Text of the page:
15 Stoneman Douglas Students File Lawsuit Against Superintendent, Sheriff

The lawsuit claims the Broward Schools superintendent had been warned about the school’s lack of security but did nothing to fix it.

15 Stoneman Douglas Students File Lawsuit Against Superintendent, Sheriff

Also named in the lawsuit are school resource officer Scot Peterson and BSO Captain Jan Jordan.

Fifteen Marjory Stoneman Douglas High School students filed a civil rights lawsuit Wednesday in connection with the Feb. 14 shooting that left 17 people dead.

The lawsuit, filed by 15 plaintiffs, including 13 minors who are being represented by their parents or guardians, alleges school officials and law enforcement failed to protect students, reports NBC Miami.

The suit says the students’ civil rights were violated and the county’s “policies and procedures, and training or lack thereof, demonstrated deliberate indifference” to the students’ rights and “that deliberate indifference caused the herein complained-of harm to take place.”

Most of the students who filed the lawsuit are identified by only their initials. While they were not physically injured in the shooting, they suffered “severe psychological injury and trauma,” the suit says.

Both Broward Schools Superintendent Robert Runcie and Broward Sheriff Scott Israel are named in the lawsuit.

The complaint claims Runcie had been warned about the school’s lack of security, particularly related to preventing school shootings, but did nothing to fix it.

It also claims Israel’s office received “many dozens” of calls between 2008 and 2017 regarding the gunman’s concerning behaviors, including two 2017 calls warning the gunman had posted threatening messages on social media, was collecting weapons and could be “a school shooter in the making.”

The Broward Sheriff’s Office and the school district both said they have no comment regarding the lawsuit, according to Newsy.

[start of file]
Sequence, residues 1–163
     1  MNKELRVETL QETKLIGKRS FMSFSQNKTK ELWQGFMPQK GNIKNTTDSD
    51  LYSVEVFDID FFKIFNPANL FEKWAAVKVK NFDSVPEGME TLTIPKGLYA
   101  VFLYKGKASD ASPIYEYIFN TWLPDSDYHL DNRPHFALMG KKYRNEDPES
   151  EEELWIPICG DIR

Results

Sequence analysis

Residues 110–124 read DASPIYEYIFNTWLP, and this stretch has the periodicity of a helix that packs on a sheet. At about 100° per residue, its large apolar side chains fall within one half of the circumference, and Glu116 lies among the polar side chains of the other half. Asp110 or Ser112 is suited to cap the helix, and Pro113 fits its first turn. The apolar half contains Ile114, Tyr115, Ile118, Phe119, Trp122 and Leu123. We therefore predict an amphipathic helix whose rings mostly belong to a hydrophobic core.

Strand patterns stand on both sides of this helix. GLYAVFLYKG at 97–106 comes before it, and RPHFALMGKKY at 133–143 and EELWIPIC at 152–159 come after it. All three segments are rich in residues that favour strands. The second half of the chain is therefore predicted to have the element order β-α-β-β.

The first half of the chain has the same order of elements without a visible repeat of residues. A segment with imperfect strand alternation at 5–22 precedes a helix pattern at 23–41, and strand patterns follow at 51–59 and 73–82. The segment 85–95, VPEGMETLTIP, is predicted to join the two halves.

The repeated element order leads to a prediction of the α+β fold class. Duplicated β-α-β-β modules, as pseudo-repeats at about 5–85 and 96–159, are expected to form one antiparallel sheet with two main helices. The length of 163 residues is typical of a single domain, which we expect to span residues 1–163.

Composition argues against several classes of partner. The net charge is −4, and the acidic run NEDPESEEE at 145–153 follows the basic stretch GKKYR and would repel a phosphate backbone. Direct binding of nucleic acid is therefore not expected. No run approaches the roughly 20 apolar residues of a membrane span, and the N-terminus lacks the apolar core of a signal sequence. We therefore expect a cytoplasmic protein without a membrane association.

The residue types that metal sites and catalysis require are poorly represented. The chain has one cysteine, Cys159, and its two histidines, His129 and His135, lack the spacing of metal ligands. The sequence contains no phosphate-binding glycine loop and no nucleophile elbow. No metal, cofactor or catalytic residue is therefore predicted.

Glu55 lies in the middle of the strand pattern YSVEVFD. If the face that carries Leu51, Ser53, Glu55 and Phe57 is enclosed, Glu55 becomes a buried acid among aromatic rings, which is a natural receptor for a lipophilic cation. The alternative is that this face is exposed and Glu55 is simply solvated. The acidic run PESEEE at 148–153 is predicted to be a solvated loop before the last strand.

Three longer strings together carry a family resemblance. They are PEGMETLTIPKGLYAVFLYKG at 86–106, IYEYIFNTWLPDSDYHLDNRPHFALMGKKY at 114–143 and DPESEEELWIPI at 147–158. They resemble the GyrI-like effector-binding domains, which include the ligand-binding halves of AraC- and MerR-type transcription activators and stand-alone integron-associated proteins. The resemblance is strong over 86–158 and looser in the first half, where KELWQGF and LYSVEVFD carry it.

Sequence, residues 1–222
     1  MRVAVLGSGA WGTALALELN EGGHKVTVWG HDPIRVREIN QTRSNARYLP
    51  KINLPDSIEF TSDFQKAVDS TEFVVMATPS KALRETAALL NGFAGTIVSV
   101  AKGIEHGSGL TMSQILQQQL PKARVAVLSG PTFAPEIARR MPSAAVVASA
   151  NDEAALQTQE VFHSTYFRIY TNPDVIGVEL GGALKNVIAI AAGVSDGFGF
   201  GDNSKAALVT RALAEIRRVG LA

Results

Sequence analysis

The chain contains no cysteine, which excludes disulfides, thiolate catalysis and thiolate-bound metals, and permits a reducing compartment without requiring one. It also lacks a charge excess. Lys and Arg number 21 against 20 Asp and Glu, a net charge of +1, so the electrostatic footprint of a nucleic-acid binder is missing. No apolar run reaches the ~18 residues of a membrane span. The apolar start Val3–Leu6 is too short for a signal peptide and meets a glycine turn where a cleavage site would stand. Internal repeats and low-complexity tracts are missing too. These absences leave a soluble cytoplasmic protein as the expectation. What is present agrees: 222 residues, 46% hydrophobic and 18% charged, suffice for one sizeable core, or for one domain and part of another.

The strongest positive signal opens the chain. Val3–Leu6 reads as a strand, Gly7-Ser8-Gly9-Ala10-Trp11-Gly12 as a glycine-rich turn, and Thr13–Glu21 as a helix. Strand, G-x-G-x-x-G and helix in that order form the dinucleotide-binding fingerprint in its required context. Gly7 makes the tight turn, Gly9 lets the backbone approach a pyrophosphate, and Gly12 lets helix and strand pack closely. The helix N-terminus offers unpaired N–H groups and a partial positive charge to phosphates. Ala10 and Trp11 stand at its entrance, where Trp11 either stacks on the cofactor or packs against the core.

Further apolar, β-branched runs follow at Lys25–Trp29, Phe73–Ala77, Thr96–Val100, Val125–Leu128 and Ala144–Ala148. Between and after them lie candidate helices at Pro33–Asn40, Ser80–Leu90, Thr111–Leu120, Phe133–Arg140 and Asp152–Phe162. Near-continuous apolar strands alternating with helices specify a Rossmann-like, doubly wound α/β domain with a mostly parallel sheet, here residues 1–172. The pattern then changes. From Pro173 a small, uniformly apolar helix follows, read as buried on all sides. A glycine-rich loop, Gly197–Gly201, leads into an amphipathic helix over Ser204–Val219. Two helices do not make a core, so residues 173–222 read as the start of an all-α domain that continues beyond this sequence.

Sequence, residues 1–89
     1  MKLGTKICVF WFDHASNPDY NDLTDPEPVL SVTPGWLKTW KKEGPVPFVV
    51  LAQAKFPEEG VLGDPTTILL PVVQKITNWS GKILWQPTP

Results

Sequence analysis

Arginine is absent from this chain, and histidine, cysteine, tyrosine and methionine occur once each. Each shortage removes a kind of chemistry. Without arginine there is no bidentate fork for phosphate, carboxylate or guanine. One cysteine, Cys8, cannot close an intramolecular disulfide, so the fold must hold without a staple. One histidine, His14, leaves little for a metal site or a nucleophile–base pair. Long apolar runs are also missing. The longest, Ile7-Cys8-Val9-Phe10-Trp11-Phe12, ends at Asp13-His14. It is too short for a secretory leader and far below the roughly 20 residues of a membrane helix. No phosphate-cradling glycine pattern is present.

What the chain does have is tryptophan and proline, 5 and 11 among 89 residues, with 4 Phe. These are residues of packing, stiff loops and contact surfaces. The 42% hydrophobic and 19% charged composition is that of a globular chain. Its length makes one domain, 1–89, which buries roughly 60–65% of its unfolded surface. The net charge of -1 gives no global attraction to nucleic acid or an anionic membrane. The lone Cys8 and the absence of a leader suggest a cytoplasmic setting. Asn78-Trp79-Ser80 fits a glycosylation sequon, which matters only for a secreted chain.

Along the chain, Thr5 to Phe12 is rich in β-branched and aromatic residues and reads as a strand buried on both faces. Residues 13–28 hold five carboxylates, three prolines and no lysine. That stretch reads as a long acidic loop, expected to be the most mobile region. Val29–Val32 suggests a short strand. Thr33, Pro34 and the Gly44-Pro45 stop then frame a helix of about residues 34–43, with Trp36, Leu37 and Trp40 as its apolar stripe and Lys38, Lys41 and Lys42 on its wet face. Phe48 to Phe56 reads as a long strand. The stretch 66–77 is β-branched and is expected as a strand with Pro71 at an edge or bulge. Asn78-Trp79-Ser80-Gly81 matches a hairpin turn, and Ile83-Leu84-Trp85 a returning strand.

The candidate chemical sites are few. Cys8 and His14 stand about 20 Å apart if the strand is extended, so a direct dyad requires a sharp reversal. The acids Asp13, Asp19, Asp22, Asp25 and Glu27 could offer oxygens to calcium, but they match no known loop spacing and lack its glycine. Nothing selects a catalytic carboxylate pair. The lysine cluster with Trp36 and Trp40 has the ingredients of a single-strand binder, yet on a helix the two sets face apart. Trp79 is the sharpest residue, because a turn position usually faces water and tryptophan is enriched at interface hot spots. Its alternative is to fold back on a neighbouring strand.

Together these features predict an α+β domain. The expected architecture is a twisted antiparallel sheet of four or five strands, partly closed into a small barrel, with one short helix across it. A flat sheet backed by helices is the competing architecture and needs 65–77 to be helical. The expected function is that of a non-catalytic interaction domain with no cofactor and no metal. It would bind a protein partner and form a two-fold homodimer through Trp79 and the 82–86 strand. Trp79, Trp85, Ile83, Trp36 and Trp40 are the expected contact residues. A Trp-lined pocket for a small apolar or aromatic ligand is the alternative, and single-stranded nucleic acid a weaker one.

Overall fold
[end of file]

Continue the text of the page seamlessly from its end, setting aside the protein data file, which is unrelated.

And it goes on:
Also named in the lawsuit are school resource officer Scot Peterson, who did not enter the building when the gunman opened fire; BSO Captain Jan Jordan, who ordered deputies to set up a perimeter around the school when they believed the shooter was still inside; former security monitor Andrew Medina, who was fired for allegedly not approaching the gunman and not immediately reporting him to authorities; and three other officers referred to as “John Does”.

“The law enforcement choked that day,” attorney Solomon Radner said during a news conference. “They caused people to die and they will have to face the music.”

The plaintiffs are demanding a jury trial and are seeking “full and fair compensatory damages in an amount to be determined by a jury,” as well as attorney fees and costs associated with filing the lawsuit.

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About the Author


Amy is Campus Safety’s Executive Editor. Prior to joining the editorial team in 2017, she worked in both events and digital marketing.

Amy has many close relatives and friends who are teachers, motivating her to learn and share as much as she can about campus security. She has a minor in education and has worked with children in several capacities, further deepening her passion for keeping students safe.

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